Perhaps more significantly, delegates at the Berne Convention's 1971 Paris Act saw no need to update 11bis. It is self-evident that the entire content of 11bis is concerned with traditional terrestrial broadcasting; it doesn't even address the subject of satellite broadcasting which had begun in 1962 via Telstar. It is unsurprising therefore to find that 11bis is as ill-suited to being applied to a fundamentally different technology such as the internet as would a copy of the 1967 Highway Code to today's road users. Yet the argument in the ALAI opinion is largely based on an analysis of the meaning to be construed from 11bis. 
I would agree with the ALAI's conclusion that the meaning of 11bis is relatively clear, but that makes it all the more obvious that Berne is taking about apples, while the issues in Svensson were oranges. At its heart the ALAI argument is that, since there was no mention of a 'new' public in 11bis (or the other referenced treaties etc), this means that the CJEU's coining of both the term and the concept is illegitimate. But 11bis doesn't mention the making available right either, so is that also suspect? Obviously the answer is no because the concept of making available is here in real life, thanks to the internet and reflects that, unlike in 1967, we now have two models of transmission within the umbrella term 'communication to the public', namely push (broadcast) and pull (on demand, a.k.a. 'making available').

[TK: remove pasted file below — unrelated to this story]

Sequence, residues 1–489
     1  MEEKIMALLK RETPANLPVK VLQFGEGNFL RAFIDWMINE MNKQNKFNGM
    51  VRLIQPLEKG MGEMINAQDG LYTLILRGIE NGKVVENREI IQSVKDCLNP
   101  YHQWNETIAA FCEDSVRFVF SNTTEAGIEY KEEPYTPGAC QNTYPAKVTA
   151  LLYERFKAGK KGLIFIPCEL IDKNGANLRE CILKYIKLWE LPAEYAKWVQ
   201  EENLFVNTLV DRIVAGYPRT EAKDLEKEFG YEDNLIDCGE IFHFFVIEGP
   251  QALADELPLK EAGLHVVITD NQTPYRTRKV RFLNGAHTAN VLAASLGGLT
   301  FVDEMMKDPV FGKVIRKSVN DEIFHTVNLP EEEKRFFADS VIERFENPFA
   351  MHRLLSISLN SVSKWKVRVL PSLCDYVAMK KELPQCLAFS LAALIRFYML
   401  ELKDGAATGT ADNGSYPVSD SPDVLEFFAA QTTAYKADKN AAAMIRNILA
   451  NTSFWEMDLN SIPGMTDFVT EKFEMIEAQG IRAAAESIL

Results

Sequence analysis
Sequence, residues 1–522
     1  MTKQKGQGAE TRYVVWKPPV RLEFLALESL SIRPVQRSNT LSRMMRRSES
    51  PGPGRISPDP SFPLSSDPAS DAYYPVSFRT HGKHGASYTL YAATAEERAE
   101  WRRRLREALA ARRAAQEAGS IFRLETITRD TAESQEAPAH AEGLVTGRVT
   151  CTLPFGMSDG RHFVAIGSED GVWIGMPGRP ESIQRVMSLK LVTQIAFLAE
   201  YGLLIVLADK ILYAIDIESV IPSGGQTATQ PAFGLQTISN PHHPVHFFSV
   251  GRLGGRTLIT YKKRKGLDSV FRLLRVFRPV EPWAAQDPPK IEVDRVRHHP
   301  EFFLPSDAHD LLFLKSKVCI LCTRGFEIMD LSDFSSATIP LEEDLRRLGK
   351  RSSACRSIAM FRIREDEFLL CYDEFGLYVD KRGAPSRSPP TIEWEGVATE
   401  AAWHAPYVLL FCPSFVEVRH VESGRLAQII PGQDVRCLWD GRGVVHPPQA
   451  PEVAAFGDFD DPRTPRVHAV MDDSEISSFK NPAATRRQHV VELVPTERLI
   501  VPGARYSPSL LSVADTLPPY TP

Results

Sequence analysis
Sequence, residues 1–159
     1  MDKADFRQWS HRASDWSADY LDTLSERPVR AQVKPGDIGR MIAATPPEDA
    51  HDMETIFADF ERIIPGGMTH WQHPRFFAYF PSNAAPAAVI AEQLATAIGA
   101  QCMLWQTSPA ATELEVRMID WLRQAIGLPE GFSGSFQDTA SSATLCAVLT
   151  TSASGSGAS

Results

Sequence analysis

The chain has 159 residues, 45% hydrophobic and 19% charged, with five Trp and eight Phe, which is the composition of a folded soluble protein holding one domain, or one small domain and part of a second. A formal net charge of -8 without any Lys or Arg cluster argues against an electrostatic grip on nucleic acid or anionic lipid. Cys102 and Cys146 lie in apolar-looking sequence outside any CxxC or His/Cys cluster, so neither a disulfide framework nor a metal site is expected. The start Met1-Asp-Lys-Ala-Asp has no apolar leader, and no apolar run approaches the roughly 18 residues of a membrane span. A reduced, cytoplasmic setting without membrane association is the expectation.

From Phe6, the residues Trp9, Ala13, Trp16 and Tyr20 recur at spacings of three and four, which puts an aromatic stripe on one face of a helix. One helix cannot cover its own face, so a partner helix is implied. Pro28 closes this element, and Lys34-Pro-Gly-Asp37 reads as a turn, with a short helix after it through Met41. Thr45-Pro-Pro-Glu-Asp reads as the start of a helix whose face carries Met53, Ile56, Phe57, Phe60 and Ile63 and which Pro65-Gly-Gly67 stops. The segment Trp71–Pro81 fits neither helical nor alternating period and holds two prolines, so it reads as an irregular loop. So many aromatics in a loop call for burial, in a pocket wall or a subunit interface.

Further, the ALAI fails to acknowledge that paragraph 2 of 11bis grants signatories a margin of appreciation in how they determine the conditions under which the rights in 11bis may be exercised. While this seems unlikely to have been an attempt at making 11bis future-proof, it recognises that specific national circumstances may require a degree of flexibility to vary the implementation of the general international norm. Or to put it another way, Berne offers more flexibility than ALAI give it credit for. The introduction of the making available right is an obvious example of a change in the conditions under which the rights may be exercised. What Art 8 of WCT provides, in effect, is a much needed update to reflect the technology of the day (1996). 
Checking Berne: no mentionof the word "phonogram" ...